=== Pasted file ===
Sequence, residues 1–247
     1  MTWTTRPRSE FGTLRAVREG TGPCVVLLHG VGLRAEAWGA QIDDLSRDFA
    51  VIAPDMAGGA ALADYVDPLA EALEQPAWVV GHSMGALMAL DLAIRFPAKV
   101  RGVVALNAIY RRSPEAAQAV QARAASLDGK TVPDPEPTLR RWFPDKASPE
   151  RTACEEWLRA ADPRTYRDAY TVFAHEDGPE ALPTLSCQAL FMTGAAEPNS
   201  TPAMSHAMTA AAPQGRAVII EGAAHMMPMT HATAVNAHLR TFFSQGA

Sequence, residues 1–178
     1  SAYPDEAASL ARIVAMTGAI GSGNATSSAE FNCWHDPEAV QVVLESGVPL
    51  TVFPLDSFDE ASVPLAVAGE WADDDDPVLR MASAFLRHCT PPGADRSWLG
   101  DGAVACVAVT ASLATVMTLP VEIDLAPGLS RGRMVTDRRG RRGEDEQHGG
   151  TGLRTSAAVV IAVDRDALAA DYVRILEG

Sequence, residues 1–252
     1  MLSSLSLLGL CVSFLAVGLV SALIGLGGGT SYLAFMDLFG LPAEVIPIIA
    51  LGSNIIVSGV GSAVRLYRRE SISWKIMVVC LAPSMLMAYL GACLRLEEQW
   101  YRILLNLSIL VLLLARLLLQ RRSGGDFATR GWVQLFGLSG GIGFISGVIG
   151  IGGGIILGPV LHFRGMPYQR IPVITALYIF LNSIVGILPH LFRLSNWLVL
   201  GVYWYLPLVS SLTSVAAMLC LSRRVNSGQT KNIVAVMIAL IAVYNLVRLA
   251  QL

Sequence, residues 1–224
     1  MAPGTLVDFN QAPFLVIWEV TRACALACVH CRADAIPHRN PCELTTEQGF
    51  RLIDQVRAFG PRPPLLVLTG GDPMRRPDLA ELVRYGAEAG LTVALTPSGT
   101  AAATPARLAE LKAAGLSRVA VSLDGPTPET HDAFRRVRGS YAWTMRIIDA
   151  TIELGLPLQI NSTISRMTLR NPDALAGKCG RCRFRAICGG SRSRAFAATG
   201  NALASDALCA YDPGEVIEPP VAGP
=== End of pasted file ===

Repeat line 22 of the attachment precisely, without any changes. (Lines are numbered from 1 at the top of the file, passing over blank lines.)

   101  AAATPARLAE LKAAGLSRVA VSLDGPTPET HDAFRRVRGS YAWTMRIIDA